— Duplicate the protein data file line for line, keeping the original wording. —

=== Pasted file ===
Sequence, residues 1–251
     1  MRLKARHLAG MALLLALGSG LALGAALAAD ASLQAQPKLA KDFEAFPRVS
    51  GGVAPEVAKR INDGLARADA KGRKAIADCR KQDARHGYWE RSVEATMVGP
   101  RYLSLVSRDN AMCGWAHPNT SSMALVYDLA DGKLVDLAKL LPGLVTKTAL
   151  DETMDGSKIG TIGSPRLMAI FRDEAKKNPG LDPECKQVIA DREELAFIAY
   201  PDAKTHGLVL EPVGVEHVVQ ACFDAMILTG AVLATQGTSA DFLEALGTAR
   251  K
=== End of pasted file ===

Sequence, residues 1–251
     1  MRLKARHLAG MALLLALGSG LALGAALAAD ASLQAQPKLA KDFEAFPRVS
    51  GGVAPEVAKR INDGLARADA KGRKAIADCR KQDARHGYWE RSVEATMVGP
   101  RYLSLVSRDN AMCGWAHPNT SSMALVYDLA DGKLVDLAKL LPGLVTKTAL
   151  DETMDGSKIG TIGSPRLMAI FRDEAKKNPG LDPECKQVIA DREELAFIAY
   201  PDAKTHGLVL EPVGVEHVVQ ACFDAMILTG AVLATQGTSA DFLEALGTAR
   251  K